In March 2017, the Associated Students (AS) of San Francisco State University started the AS Food Pantry in partnership with SF-Marin Food Bank in order to combat food insecurity among SF State students. The Food Pantry is open every Monday during the academic year from 12:30pm-3:00pm at the Student Life Events Center (Annex 1) and they provide a weeks worth of food to eligible students. Items include 6-10 fresh produce items, 1 grain item, and 1 protein item. Additionally, during the Fall 2018 semester, the Associated Students launched the Food Cupboard, which provides canned and dried goods to eligible students. The Food Cupboard is open every Wednesday and Thursday during the academic year from 1:00pm-7:00pm at the Pyramid next to Jack Adams Hall, Cesar Chavez Student Center. Collectively, the Food Pantry and Food Cupboard are known as Gator Groceries. For more information, please visit: http://asi.sfsu.edu/gator-groceries/. I interviewed Alison Li about her experiences as a volunteer and employee at the AS Food Pantry.
Katia: When did you start at the Food Pantry?
Alison: I needed to find volunteer work for one of my classes and heard about the Food Pantry when it launched in Spring 2017. I have stayed on as a volunteer every semester since then and am now an employee.
Katia: What do your job duties include?
Alison: I help set-up and break-down the Food Pantry, restock items as needed, and pass out food items to the students.
Katia: How many students participate?
Alison: When the program initially started the cap was for about 100 students. Now the cap has expanded to around 300 students.
Katia: How can SF State students apply?
Alison: Students can visit http://asi.sfsu.edu/gator-groceries/ to apply. The application is free and open to all SF State students and it is for both the Food Pantry and the Food Cupboard.
Katia: How can students volunteer and get involved?
Alison: Students interested in volunteering can go online to sign-up for volunteer times (http://asi.sfsu.edu/gator-groceries/).
Post Contributed by Katia Zogg, SNDA Public Policy Committee Leader
I attended the Public Policy and Advocacy 101: How to Get Things Done! webinar last week hosted by the California Academy of Nutrition and Dietetics and wanted to share a few notes about what I learned and how you can advocate for public policy issues that impact the field of nutrition and dietetics and our nation’s health. Brenda O’Day, MS, RDN, CNSC, the Vice President of Public Policy for the California Academy of Nutrition and Dietetics, was the webinar speaker and she provided great insight and resources that we can take advantage of to advocate for public policies that will affect the future of the dietetics field and the health of our nation’s population. Getting involved and advocating for policies related to nutrition, food, and health can positively change our nation’s well-being and our careers.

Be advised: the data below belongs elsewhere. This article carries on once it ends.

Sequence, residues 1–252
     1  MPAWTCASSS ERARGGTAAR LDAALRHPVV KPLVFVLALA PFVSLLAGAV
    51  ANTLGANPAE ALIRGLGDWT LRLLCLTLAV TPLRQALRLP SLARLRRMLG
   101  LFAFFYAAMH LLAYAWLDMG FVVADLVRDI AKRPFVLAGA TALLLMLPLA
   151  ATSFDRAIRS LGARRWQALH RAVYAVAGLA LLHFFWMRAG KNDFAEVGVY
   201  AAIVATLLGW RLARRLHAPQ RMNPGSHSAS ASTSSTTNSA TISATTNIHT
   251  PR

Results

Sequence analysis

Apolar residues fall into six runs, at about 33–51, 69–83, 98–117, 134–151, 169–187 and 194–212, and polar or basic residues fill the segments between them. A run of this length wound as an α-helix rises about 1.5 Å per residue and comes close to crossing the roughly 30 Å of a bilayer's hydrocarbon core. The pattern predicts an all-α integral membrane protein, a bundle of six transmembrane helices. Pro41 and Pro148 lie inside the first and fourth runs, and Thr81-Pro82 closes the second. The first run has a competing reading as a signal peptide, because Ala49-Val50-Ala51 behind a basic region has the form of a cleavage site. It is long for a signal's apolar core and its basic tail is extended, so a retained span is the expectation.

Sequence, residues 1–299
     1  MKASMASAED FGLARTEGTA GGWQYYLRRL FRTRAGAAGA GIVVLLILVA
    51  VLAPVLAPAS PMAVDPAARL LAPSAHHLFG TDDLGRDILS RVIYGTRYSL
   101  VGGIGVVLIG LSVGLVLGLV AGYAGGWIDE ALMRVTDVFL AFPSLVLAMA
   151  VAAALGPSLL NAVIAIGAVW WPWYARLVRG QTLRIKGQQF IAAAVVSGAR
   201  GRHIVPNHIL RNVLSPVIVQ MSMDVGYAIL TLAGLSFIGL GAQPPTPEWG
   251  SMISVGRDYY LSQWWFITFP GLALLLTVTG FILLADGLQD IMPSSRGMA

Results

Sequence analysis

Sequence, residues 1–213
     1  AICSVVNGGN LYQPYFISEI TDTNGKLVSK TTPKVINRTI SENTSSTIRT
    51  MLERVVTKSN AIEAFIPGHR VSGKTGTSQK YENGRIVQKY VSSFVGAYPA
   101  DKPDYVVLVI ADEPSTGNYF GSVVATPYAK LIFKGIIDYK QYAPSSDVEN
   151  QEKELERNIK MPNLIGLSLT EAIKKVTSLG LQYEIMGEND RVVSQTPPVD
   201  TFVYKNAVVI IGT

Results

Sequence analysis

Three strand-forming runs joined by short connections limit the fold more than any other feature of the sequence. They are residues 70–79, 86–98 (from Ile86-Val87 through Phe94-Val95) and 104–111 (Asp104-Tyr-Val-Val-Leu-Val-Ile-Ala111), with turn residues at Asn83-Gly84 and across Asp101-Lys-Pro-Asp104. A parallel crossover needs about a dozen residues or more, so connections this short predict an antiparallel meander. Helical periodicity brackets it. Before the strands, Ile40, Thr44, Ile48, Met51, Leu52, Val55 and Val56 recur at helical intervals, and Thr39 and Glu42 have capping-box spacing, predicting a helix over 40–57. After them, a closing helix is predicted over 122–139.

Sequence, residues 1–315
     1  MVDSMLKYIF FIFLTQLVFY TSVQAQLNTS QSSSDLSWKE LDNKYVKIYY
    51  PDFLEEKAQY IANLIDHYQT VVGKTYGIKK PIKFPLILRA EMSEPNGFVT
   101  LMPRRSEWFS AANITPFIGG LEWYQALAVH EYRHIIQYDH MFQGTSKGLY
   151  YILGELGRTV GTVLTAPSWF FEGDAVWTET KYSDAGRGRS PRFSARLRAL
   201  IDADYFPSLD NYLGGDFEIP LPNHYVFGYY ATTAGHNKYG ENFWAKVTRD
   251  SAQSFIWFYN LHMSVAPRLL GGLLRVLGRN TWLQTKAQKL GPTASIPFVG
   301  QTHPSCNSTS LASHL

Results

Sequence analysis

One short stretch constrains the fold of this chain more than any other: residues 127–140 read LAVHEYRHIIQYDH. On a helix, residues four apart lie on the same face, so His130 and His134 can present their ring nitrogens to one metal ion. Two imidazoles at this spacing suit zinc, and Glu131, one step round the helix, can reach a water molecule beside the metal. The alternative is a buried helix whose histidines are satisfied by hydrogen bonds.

You may be wondering, why does advocacy matter? Can I make a difference? Advocating gives a voice to those that are vulnerable who may not be able to speak for themselves. Their rights, views, and wishes will be considered when decisions about their lives are being made. Last month at the 2018 Public Policy Workshop in Washington, DC, over 1,400 nutrition professionals attended the event--the largest turnout yet! They spoke to members of congress about malnutrition and how it is impacting the aging population and our health care system. Their message was for inclusion of diagnosis and treatment of malnutrition as part of high-quality health care. By coming together, we can influence the future of our nation’s health and the future of our profession and give those that are vulnerable a chance to be heard.
How the Academy advocates for public policy
How YOU can advocate for public policy and get involved
I encourage you to take action! You can send action alerts for the Treat and Reduce Obesity Act and for prevention and treatment of malnutrition. We know that obesity is on the rise and the Treat and Reduce Obesity Act will allow for treatment through intensive behavioral therapy, allow for quality care at a low cost, and increase patient’s access to obesity treatment. Additionally, diagnosis and treatment of malnutrition can improve patient’s strength, quality of life, and decrease length of hospital stays. There is strength in numbers and these small actions can make huge changes!
California State Capitol Museum (n.d.). Capitol Side [photograph]. http://capitolmuseum.ca.gov/